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Author: Gwen Hunter

Magdala : Possession's Last Moments

The Pharisee pulled aside from the wailing woman, careful not to touch her. She chattered and keened through rough, cracked lips, her tone dropping down into a moan, a dirge-like refrain as she rocked slowly back and forth. She was filthy and coarse, caked with grime, hair matted, her gums swollen, frothy pink spittle spewed as she sang. But it was her eyes that caught and held his gaze. They were alive with the opaque light of demons and dark places, sorcery and death. They laughed as she reached for him, ragged nails slashing.
      The Pharisee leapt away, gathering his robe to avoid the slightest contact. She cackled louder at the near miss and settled a steely eye on him. He made the mistake of meeting her stare. The spirits in her gaze swirled, coalesced, and gripped him with frozen claws. They pulled and he fell forward, dizzyingly, into her mind, into the long shadows that marked her possession. The wails silenced. The day fell away. Darkness surrounded the Pharisee and he floated, suspended in the uncommon night.
      "Romans did it," a grieving voice deep inside her said. The words resonated within her, almost calm, in defiance of the wild crooning that had come from her mouth. The voice dropped lower and he turned in the dark place, floundering to catch the source of her next words. "Yes, and Romans will do it to you, Pharisee. To you."
      Abruptly he was back in the heat and noise of the market, and he stumbled, arms flailing, away from the mad woman. The demons in her eyes danced. She laughed and spat into the dust at his feet, a few tiny pink globs settling on his sandals. Instantly he thougth of the cost of the temple baths and the purification necessary to clense himself of the woman's filth. The damp of her spit slid to his toes and, suddenly nauseated, he turned away from the mad thing and her demons and her Romans. He fixed, unexpectantly, on the startling eyes of the Nazarene. The Pharisee reversed his course and lowered his gaze to the man's chest as sweat prickled down his spine. In his own way this Jesus was as alive as the strange mad woman cackling between them. The Pharisee stepped back trying to keep away from them both.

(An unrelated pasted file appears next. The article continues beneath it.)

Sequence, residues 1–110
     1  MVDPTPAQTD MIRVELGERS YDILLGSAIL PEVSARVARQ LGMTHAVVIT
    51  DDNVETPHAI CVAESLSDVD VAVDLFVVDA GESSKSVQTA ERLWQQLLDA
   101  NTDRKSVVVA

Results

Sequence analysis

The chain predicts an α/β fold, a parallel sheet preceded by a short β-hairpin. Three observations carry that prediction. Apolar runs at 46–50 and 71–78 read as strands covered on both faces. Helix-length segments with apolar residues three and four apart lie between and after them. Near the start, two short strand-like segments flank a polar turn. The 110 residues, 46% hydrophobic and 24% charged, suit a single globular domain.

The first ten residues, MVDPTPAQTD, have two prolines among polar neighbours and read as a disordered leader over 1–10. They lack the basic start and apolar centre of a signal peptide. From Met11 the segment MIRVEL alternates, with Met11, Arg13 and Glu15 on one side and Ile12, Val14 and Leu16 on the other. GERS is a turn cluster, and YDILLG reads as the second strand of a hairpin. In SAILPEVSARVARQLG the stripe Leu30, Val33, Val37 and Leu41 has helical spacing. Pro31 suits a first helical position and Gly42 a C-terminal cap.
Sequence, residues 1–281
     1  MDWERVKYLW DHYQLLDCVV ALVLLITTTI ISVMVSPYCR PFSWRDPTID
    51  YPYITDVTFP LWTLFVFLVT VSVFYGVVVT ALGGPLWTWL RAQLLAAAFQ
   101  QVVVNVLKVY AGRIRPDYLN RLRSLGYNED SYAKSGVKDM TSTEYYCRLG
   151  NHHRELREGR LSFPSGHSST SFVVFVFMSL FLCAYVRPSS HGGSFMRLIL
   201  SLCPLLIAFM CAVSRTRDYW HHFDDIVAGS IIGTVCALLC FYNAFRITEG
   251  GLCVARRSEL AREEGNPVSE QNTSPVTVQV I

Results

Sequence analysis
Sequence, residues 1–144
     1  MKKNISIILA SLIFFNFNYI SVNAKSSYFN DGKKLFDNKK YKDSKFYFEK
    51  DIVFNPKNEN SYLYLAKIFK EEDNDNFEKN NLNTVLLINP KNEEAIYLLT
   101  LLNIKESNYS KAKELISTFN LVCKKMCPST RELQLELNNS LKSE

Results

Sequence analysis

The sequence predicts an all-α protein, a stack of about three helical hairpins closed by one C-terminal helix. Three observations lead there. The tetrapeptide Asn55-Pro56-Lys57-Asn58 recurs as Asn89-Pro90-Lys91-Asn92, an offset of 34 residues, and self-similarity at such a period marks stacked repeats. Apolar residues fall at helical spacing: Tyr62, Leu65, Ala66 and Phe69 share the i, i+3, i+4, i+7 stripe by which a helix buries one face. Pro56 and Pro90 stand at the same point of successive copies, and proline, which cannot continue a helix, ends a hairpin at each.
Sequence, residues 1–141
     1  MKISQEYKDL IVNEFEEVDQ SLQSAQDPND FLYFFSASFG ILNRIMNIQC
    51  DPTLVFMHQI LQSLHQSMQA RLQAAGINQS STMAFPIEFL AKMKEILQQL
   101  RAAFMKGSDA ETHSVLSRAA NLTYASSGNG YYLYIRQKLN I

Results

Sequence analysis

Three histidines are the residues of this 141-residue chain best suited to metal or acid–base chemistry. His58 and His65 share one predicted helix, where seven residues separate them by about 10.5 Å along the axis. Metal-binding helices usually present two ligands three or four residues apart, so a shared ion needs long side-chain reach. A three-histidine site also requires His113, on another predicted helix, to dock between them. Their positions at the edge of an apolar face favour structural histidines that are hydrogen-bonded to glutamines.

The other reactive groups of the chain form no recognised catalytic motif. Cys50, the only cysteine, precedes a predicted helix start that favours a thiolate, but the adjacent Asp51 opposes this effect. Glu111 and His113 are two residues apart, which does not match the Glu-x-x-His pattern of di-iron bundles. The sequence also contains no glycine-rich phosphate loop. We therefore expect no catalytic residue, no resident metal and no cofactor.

And then a bizarre thing happened. Jesus, the man the Pharisee leaders had sent him to watch, reached down to the filthy, spindly fingers of the devil-possessed woman and took her hands in his own.
      The Pharisee turned away, a grim and exuberant satisfaction replacing the unease in his chest. After less than a day in Magdala, he had his answer. Jesus of Nazareth was ritually unclean. Pharisees need have no fear of a man who would touch filth. He could go home to the temple baths of Jerusalem, purify himself in the grottoes, and bask in the knowledge of a job well done and quickly. Relieved, The Pharisee did not look back to where Jesus stood.
      From the corner, a gangly boy watched, his gaze on the woman. He picked at a scab on his knee, scuffing his bare feet in the dust. She was still possessed, and no threat to them. Satisfied, he too turned away and joined the small trading caravan heading to Capernaum.

Chapter One

She was quiet for a moment. Her inner being so still that she saw her whole soul as God must see her, a tapestry woven of history and possibility and pain. She was broken, torn, there were holes in her soul, threads fluttering in the breeze of God's breath. The tattered cloth was stained and faded. But strangely there was no shame—only an objective awareness of her own incompleteness.
      From the holes in the cloth of her spirit, strange forms emerged, bent and misshapen things, eyes full of hate and anger. As each departed, they stared at her, as if memorizing the openings in her soul for a future return. There were seven of them. Seven beings like nothing she had ever seen. Darkness that made her shiver. As they left, the threads of her soul lifted in the wind of God's breath, seeking their rightful place in the tapestry, waving and whirling as if alive. How very odd.